Author:Sylvia Cockburn (University of East Anglia)
Paper short abstract:
In recent years, contemporary art has become a widespread tool for the decolonisation and reinterpretation of ethnographic collections. This paper discusses the possibilities and limitations of dialogues taking place between Pacific artists and anthropology museums in the UK and Australasia today.
Paper long abstract:
Museums and anthropology have a long, shared history. Yet in recent decades, the language and practice of anthropology have been called into question within museums, where the colonial legacies and classification of ethnographic collections have proved problematic in efforts to forge meaningful relationships with source communities. Collaborating with contemporary indigenous artists is one strategy increasingly being used by institutions wanting to promote new ways of engaging with museum spaces and collections. Artists today perform a number of roles in museums, from agents of intervention to cultural knowledge holders and expert practitioners. However, to date the full possibilities and limits of these engagements remain critically under-examined.
This paper is drawn from my research into recent collaborations that have taken place between contemporary Pacific artists and museums in Australia, New Zealand and the United Kingdom. Using data gathered from interviews with artists, curators and other museum professionals, the paper examines how the nature of museum anthropology in these countries has changed in recent years, and how contemporary artists have become a prominent voice in the discussion of museum futures. I discuss several projects which demonstrate that while there is a strong desire by both artists and museum staff to engage in truly two-way conversations about the future of museums, a number of systemic barriers still inhibit community access and engagement. The paper asks the question: how can relationships between artists and museums help forge new understandings of museum anthropology in the 21st Century?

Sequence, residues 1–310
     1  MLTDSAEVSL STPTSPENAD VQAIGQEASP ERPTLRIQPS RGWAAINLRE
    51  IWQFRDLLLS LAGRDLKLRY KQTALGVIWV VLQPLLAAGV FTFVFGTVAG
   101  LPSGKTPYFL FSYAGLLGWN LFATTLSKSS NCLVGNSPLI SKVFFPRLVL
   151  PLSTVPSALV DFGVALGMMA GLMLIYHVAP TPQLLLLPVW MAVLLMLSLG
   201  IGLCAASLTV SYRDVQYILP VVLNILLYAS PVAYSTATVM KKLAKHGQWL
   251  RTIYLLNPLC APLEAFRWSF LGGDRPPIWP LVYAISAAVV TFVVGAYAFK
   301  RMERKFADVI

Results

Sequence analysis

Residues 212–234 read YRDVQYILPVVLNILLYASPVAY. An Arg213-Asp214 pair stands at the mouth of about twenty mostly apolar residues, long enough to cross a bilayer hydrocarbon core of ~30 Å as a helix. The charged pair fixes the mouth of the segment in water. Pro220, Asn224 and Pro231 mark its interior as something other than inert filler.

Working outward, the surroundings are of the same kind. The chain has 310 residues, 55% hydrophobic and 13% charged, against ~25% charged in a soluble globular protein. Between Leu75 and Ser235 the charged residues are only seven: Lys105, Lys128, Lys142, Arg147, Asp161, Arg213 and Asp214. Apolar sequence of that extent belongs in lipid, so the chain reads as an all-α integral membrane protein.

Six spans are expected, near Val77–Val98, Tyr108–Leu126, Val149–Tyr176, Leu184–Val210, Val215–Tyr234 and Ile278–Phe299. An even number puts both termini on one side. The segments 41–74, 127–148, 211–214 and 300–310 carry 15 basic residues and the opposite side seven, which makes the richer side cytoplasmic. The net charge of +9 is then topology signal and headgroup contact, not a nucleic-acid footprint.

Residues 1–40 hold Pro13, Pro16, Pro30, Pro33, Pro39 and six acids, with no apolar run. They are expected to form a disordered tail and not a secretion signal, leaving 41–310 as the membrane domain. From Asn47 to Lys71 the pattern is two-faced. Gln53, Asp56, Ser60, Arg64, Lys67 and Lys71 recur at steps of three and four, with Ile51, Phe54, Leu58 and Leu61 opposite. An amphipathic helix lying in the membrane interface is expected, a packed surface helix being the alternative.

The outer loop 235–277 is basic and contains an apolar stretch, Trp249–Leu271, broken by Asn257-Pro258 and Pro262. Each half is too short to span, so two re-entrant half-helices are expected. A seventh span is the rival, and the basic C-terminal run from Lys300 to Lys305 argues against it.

The Future of Anthropological Representation: Contemporary Art and/in the Ethnographic Museum